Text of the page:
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Honey Brown Hope Foundation Rakes in National, State and Local Recognition

Honey Brown Hope Foundation Rakes in National, State and Local Recognition

Honey Brown Hope Foundation

Houston, TX — The Honey Brown Hope Foundation, a nationally recognized, award-winning 501(c)3 non-profit that has served youth and their families for over two decades, announced today that it is thankful this holiday season for recently being recognized for its civil rights

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Community Empowerment: Black Chambers of Commerce Where Is My Patronage?

Community Empowerment: Black Chambers of Commerce Where Is My Patronage?

Peter Grear

Educate, organize and mobilize -- Back in September I wrote an article entitled, Voter Suppression: Creating Black Wealth.  The impetus for that article was a commentary written by Earl G. Graves, Sr., Publisher of Black Enterprise. 

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Employees of Small, Locally-Owned Businesses Have More Company Loyalty

Employees of Small, Locally-Owned Businesses Have More Company Loyalty

loyalty to employers

Employees who work at small, locally owned businesses have the highest level of loyalty to their employers — and for rural workers, size and ownership of their company figure even more into their commitment than job satisfaction does

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The Pawns of Politics: Where Is My Patronage?

The Pawns of Politics: Where Is My Patronage?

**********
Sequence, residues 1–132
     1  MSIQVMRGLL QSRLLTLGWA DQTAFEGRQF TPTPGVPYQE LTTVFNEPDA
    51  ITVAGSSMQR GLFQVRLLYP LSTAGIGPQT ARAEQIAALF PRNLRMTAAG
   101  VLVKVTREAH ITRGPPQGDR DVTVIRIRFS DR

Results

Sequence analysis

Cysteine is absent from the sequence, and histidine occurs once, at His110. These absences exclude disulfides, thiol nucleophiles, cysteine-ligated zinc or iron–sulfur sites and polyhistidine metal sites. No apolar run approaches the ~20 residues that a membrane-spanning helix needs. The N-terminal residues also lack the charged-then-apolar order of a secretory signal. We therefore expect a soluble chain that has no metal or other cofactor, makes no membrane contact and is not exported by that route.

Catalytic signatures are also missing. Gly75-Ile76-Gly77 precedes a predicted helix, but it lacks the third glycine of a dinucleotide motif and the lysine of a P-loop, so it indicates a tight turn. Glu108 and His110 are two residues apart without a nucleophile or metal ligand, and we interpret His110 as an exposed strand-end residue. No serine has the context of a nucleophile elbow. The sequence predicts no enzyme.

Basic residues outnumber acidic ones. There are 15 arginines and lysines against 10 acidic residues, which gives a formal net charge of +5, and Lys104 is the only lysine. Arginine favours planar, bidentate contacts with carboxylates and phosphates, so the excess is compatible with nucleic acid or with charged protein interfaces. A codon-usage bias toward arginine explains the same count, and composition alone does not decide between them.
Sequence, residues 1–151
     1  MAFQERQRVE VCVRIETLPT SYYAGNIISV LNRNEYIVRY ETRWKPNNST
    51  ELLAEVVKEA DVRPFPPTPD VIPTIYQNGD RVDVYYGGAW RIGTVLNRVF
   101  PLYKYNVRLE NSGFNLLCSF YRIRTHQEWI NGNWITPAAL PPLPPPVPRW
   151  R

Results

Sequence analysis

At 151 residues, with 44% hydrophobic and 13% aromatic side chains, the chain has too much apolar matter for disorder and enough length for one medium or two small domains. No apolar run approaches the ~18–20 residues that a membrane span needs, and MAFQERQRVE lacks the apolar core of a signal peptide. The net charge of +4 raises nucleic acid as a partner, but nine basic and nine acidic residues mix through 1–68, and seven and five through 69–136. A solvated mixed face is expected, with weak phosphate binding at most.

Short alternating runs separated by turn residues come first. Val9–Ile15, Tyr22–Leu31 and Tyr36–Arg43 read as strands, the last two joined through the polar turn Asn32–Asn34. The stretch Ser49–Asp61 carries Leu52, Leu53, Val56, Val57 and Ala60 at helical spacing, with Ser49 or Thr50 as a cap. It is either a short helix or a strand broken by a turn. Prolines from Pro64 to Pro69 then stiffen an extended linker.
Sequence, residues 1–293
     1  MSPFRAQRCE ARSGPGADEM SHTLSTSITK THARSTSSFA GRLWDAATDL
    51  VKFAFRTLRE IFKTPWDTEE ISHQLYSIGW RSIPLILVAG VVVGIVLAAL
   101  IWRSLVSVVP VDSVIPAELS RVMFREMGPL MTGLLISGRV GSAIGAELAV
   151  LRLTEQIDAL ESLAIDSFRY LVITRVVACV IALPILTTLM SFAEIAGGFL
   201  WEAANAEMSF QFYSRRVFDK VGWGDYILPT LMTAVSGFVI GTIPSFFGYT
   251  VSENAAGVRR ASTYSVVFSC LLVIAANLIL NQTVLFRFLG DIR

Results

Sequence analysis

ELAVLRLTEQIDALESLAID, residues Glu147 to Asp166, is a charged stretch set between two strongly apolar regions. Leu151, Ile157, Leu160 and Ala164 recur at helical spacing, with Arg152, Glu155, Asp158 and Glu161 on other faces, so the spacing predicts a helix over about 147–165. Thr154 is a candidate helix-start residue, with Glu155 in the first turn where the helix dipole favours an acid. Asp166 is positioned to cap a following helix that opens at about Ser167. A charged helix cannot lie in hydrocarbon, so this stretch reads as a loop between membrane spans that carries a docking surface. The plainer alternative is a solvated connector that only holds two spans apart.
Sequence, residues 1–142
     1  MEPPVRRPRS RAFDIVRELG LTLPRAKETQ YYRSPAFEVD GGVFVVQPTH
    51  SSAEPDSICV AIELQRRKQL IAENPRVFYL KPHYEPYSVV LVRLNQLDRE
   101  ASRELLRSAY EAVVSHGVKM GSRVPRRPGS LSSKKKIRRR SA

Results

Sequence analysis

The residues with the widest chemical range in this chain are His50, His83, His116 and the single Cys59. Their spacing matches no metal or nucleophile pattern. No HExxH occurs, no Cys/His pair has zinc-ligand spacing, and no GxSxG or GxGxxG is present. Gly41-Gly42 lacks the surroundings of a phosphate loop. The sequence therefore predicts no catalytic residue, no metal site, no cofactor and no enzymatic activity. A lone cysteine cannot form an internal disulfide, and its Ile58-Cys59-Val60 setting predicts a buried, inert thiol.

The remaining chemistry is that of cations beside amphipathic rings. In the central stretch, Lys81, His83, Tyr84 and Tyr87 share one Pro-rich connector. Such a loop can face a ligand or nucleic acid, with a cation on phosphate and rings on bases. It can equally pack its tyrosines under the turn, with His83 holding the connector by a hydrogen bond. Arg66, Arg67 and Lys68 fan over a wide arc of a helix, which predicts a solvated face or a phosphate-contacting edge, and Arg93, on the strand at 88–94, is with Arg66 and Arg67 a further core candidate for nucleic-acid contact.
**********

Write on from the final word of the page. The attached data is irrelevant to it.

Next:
Peter Grear

Educate, organize and mobilize -- For more than a year leading up to the recently completed General Elections, I’ve written about Voter Suppression, gerrymandering, the Black vote and voters.  

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Verbal Abuse in the Workplace: Are Men or Women Most at Risk?

Verbal Abuse in the Workplace: Are Men or Women Most at Risk?

Abuse in the Workplace

There is no significant difference in the prevalence of verbal abuse in the workplace between men and women, according to a systematic review of the literature conducted by researchers at the Institut universitaire de santé mentale de Montréal

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The Decision to Handle Rejection

The Decision to Handle Rejection

Rev. Manson B. Johnson

The Big Idea: Endurance is the key to achieving challenging goals in life.“Man’s rejection can be God’s direction.  God sometimes uses the rejection of hateful people to move us to a new place or assignment–where we wouldn’t have thought of going on our own.  

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Subscribe to Get GDN Print Edition

Subscribe to Get GDN Print Edition

Print Subscription

 Greater Diversity News (GDN) is a statewide publication with national reach and relevance.  We are a chosen news source for underrepresented and underserved communities in North Carolina.  

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Managing Money by Managing Materialism in Kids

Written by Binghamton University on 10 April 2009.